Microsoft is taking its Office Live service live and out of beta on November 15, expanding its offerings for small businesses both in content and its availability overseas.
Office Live is a set of Internet-based services for small businesses, designed to get them up and running online quickly. Microsoft
launched the service in February and more than 160,000 small businesses took part in the beta.
One of those businesses was the Sequoia Lodge in Kernville, Calif., a remote vacation lodge outside of Bakersfield.
Lodge owner Brenda Derrow had made a previous effort with an independent Web hosting provider, but the site went without an update for five years and had next to no information or photos on it.
“You have to be able to show people what you’ve got here, and the old Web site didn’t do that,” said Derrow. But her Office Live experiment has been a big success, and that’s due to Microsoft making more of an effort than the last hosting provider she worked with.
“This was my first attempt, so I’ve learned along with Microsoft helping me put it together. I’m doing a lot of bookings online now. It gets you kinda pumped because you can see how much traffic you’re getting, and that helps,” she said.
On its emergence from beta, Office Live will expand internationally to offer services in France, Germany, Japan and the United Kingdom. The final or finished version of Office Live will also add several features.
These include: a beta version of adManager, which integrates with Microsoft’s adCenter and Live Local; integration with Microsoft Office Accounting Express 2007; increasing the number of design tools and templates from 100,000 to 150,000 and additional storage space, company branded email accounts and calendars and support for Windows Live Messenger.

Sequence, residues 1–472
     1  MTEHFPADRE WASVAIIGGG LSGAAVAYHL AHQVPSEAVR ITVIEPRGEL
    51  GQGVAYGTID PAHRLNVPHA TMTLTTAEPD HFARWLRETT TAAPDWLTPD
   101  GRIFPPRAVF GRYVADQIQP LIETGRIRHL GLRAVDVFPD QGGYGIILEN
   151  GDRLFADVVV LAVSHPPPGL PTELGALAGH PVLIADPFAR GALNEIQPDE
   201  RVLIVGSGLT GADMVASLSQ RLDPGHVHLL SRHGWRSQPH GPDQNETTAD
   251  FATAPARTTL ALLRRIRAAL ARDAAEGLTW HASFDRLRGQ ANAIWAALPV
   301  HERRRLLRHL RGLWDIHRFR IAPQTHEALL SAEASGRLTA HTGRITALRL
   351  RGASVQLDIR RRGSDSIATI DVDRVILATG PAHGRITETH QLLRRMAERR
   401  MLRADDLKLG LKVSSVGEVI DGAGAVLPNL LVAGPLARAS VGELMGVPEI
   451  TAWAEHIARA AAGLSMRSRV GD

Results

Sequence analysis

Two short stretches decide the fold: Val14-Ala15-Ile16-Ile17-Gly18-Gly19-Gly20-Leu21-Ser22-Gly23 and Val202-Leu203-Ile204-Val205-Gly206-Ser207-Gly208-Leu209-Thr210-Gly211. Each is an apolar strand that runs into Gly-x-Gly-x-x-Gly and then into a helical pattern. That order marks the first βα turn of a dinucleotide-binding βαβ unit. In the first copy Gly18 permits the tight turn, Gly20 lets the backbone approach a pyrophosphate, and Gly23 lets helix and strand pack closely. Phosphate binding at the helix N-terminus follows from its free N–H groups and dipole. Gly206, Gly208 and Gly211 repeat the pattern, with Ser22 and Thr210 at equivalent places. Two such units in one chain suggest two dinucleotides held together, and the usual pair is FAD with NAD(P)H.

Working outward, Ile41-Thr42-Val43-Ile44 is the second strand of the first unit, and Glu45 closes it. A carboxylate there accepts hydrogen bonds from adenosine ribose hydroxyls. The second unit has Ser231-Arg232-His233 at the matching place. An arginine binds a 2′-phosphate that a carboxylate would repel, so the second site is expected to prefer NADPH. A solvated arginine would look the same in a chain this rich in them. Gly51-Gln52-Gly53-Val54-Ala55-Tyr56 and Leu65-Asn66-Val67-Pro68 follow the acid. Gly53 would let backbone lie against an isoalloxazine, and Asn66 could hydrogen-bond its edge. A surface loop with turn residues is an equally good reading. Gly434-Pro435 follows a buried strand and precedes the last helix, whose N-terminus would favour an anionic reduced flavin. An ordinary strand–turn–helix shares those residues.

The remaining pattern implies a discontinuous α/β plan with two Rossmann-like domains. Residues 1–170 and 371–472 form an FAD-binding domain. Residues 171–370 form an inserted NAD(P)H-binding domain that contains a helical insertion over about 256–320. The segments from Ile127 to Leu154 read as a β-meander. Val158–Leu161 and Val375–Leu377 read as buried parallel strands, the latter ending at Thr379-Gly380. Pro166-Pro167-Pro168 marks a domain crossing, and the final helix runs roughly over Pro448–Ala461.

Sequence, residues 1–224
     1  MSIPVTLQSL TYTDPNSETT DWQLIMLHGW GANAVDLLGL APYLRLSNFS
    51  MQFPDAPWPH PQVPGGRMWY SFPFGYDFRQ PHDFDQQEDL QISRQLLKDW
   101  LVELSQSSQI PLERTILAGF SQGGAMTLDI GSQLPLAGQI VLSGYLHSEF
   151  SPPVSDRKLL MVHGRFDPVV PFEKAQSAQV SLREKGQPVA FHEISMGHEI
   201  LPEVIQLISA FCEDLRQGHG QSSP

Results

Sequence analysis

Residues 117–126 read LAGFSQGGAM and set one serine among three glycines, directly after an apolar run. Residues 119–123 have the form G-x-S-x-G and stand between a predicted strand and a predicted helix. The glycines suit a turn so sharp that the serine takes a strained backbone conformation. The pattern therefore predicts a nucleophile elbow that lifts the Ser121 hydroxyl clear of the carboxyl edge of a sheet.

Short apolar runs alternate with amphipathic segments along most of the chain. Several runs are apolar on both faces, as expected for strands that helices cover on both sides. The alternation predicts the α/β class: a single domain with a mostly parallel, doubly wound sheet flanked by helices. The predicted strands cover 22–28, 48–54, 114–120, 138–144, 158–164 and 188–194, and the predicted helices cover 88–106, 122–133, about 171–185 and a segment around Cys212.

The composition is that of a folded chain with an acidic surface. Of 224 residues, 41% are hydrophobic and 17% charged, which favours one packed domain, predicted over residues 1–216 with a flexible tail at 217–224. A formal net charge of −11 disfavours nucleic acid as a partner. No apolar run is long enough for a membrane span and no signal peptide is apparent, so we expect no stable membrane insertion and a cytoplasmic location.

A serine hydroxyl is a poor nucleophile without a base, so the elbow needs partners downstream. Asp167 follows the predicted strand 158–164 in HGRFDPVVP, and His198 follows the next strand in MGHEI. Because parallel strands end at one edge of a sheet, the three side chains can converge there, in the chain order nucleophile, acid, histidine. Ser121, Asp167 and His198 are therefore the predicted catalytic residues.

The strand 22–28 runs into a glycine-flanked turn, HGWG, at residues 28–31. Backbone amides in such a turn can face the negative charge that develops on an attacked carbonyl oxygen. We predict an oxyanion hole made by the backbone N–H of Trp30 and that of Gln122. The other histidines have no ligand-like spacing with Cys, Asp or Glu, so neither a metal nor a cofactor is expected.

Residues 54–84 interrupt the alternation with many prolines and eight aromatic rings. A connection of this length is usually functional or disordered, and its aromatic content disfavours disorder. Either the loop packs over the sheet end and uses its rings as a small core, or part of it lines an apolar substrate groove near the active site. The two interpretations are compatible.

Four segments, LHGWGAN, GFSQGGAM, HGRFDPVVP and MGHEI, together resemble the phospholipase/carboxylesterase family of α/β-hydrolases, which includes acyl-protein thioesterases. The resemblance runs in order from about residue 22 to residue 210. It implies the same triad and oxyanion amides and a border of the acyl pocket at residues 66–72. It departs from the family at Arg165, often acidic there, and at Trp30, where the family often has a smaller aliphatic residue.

Microsoft said it’s trying to help out these small businesses by taking away the technical concern. “Our focus was really on helping small businesses to become visible. About 50 percent of small businesses in the U.S. don’t have a Web presence and that can be a real competitive disadvantage,” said Marja Koopmans, director of partner strategy at Microsoft.
The basic service starts with a company domain name, a Web site with 500 MB of storage, branded email accounts and design tools. The next step up, at $19.95 per month, adds more storage and email plus Office Live Business Contact Manager and online Workspaces plus integration with Outlook and Windows Mobile-powered phones.
Microsoft Office Live Premium, the top of the line services, is $39.95 per month. It ups the capacity to 2GB of storage, offers 50 company branded email addresses and offers more Internet-based applications.
The only online feature not allowed, said Koopmans, is server-to-server code, which she said is only something seen in large enterprises that wouldn’t need Office Live in the first place.